The majority of the indigenous rural population in the Rio Quiscab watershed area in the Sololá department survive off self-sufficient subsistence agriculture. 70% of these farming families are poor. They overexploit their natural resources, water, forest, and soil. As a result of decreasing harvest yields, many farmers burn down areas of forest, but the cleared areas only bring good yields for a few years. In addition, the erosion causes the streams to wash valuable topsoil into Lake Atitlán, which is the largest freshwater reserve in Central America and whose water quality has been impaired as a result. Furthermore, the farmers are also fighting against increasing droughts caused by climate change.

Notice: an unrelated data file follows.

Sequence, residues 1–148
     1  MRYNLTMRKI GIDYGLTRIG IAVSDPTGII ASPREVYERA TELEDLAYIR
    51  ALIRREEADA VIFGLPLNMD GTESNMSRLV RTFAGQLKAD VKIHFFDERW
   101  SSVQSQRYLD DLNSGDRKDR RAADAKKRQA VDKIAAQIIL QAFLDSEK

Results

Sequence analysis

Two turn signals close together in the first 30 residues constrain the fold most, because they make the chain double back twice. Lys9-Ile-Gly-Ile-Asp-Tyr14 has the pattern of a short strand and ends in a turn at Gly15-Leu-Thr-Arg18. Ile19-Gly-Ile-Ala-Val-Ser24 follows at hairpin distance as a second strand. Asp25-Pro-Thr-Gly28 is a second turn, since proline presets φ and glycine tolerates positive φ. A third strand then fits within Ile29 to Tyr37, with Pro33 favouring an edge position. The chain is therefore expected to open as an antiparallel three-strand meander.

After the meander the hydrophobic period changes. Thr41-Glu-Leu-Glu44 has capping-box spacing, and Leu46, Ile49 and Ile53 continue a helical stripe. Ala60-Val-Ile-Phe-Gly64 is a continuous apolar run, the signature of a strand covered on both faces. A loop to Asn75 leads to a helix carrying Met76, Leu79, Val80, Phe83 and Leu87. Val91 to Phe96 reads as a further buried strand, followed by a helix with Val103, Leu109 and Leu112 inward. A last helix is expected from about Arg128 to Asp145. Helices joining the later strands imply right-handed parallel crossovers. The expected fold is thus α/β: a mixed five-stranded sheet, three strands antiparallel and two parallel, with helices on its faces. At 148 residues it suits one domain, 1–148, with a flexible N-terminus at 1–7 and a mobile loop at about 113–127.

We help smallholder families use their land in a way that conserves resources while still improving their yields. They learn sustainable yet more efficient cultivation methods, as well as beekeeping and mushroom cultivation, with which they can generate income and protect the forests. On the other hand, we also raise awareness of resource conservation among broad sections of the population and support the authorities in creating the basis for well-regulated land use planning.